Story + Photography by Michele Roldán-Shaw
Secret spot off the beaten path
Savannah River: Millstone Landing to Deadman’s Point
Swollen by recent rains, the Savannah River rolled down in great, undulating surges, agitated here and there by boils like an invisible stick was stirring it. There was no one on the river save for Captain (my friend’s preferred title while boating), Skipper (his dog) and First Mate (me).
“The first time I put in here, I asked an old man what was downriver,” said Captain, deftly easing us away from the dock and into the ripping current. “He said a load of sandbars. I asked what was upriver and he said a few less sandbars, so that’s the way I’ve always gone.”
Today’s mission: navigate below Millstone Landing on the high water and mark a safe track on his GPS. We cruised along slowly, admiring the fresh greens of spring that matted up in such dense thickets along the banks that Skipper’s barks echoed off them. Buzzards circled on thermal currents, and turtles sunned on snags. High overhead, the biggest congregation of wood storks I’ve ever seen wheeled and flashed like schools of fish in the great blue vault. On either shore was nothing but thick, swampy floodplain forest, the type of terrain that makes me shudder to think of traveling overland here, like if you were a soldier or a conquistador or something. Talk about a hellhole! Some places are just better to look at than trek through.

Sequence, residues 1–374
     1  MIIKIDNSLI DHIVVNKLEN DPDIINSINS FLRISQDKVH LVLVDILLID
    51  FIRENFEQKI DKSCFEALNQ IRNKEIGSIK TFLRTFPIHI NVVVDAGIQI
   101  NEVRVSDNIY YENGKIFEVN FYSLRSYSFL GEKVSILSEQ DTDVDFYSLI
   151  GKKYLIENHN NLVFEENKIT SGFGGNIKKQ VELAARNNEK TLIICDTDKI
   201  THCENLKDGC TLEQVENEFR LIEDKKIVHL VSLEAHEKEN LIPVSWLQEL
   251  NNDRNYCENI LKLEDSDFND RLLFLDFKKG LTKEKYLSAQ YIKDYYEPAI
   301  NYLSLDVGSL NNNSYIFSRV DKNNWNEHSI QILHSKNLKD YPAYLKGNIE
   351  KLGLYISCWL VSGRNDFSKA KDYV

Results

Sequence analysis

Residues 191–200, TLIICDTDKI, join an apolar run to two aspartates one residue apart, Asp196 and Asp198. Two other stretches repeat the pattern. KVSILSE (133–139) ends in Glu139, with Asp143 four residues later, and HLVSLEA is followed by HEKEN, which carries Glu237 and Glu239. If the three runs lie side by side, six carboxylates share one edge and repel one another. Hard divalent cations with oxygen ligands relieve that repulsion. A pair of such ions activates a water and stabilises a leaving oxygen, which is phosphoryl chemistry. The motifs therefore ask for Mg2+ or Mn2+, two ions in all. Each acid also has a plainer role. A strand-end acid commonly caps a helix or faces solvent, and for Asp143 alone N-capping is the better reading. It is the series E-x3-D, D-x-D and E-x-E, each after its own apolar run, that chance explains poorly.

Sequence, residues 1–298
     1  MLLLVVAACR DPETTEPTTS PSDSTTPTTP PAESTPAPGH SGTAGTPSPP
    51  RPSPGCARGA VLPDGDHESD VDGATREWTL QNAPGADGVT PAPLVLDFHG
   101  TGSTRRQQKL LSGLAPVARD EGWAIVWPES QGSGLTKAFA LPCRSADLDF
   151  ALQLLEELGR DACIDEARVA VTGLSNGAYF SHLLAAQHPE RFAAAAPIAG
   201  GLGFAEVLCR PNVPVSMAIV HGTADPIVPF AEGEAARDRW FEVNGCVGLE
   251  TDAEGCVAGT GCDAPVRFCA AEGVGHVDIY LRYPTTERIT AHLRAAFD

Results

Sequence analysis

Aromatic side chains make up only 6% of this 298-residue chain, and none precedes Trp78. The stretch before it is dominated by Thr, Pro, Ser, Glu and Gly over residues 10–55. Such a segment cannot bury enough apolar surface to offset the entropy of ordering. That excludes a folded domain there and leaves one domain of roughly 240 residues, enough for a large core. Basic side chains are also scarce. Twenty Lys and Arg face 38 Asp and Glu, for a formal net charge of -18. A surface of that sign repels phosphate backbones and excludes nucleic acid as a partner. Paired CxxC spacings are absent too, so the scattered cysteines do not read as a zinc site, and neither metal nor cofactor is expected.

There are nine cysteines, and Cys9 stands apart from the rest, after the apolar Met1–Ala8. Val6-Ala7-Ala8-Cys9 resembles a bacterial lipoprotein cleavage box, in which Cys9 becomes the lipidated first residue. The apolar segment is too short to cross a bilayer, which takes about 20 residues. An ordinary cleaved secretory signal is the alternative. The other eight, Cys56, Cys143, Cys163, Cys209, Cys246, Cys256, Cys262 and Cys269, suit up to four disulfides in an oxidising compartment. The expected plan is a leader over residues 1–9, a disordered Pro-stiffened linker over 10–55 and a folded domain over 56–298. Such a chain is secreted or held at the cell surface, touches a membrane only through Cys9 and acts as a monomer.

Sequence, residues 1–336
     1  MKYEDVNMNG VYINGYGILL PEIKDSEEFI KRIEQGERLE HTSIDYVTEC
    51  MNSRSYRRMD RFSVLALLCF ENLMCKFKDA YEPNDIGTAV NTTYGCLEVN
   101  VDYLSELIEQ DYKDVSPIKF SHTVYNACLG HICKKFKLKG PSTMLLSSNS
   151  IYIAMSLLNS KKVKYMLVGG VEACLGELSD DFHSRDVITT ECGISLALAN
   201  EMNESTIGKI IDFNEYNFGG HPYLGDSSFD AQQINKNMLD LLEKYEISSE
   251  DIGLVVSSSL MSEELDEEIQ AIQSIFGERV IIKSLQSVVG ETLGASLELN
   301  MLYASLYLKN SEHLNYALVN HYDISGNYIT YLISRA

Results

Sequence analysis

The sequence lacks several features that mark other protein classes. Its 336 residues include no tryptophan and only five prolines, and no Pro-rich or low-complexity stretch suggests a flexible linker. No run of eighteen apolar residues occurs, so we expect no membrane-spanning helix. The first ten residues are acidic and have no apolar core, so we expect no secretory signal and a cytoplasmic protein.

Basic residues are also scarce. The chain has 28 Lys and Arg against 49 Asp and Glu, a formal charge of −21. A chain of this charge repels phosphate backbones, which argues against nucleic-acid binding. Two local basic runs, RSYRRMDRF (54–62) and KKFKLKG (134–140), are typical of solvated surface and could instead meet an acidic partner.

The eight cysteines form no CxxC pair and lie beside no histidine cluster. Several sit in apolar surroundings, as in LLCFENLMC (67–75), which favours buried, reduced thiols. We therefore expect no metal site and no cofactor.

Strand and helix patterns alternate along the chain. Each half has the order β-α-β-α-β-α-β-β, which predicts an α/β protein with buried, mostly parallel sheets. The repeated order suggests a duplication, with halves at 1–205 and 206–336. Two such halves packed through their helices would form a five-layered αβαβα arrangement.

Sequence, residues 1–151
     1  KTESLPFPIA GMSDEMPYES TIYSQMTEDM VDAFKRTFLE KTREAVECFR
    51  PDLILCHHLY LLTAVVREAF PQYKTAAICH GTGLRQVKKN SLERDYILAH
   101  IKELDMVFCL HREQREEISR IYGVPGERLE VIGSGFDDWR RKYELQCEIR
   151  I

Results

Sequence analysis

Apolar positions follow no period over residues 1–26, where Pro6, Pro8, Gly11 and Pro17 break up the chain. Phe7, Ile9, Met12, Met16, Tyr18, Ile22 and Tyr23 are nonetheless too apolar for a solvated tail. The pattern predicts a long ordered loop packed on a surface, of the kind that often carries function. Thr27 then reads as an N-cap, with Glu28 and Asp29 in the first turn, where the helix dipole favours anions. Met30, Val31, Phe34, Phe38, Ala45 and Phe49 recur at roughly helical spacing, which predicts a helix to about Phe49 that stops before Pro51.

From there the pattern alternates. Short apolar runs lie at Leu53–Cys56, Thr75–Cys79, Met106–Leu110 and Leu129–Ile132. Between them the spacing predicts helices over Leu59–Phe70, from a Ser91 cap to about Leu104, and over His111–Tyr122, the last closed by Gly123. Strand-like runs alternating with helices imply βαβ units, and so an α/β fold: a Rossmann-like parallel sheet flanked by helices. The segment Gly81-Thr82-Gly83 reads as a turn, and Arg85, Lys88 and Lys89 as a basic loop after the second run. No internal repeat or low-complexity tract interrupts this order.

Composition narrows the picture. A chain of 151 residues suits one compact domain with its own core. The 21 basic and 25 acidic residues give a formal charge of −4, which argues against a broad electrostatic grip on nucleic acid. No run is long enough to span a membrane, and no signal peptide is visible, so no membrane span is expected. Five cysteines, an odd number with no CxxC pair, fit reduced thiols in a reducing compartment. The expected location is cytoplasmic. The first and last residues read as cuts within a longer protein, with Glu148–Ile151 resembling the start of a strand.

Apart from navigational markers and old ruined pylons, there was no sign of human enterprise until we passed under I-95, when appeared a derelict drawbridge on a railroad trestle. There was a big nest on top of the bridge and at the exact moment of our crossing, an osprey arrived with a fish to feed its scruffy, chirping chick. We wondered what happened when the drawbridge raised up. “Maybe it just hangs on,” Captain speculated, which struck me as absurdly hilarious. “Can’t have been dumped out since there was an egg in it,” he concluded as we motored away.
We were just wishing for a place to land, when a sign posted at the mouth of a tributary creek announced “CHANNEL CLOSED, BANK-TO-BANK BERM AHEAD.” We anchored up at this sand bank piled with rocks and found a surprise on the other side: a whole river of sand stretching as far as the eye could see, with little tufts of grass planted at regular intervals like a rice paddy. It was kind of surreal. Identified on Google Maps as Deadman’s Point, it was clearly a feat of engineering; dredged sand filled what had previously been McCoy’s Cut to Middle River. (Later I would learn online that it had been done by the Army Corps of Engineers to mitigate harbor deepening and increase salinization by creating more freshwater marsh habitat.) We strolled along checking out all the tracks: turkey, coon, bobcat, large humans with boots, and little humans with bare feet. It would be a great place for a picnic, or I decided, to hunt fossilized shark teeth, at least until the grass grew in; but all I found was a piece of petrified wood.
So engrossed were we in the wonders of Deadman’s Point that we suddenly realized we had been leading the dog past big patches of reeds where an alligator could rush out. Time to go. “I never like to push my luck,” Captain announced as we got back in our craft and headed for home. Just upriver from Millstone, a sunken boat provided a sober reminder of all that can go wrong on the river — but for today we had come out unscathed again. LL
How to get there
From Millstone Landing (Hardeeville) take a left downriver. After crossing under the old drawbridge, look to your left for the “Channel Closed” sign.
Mode of transportation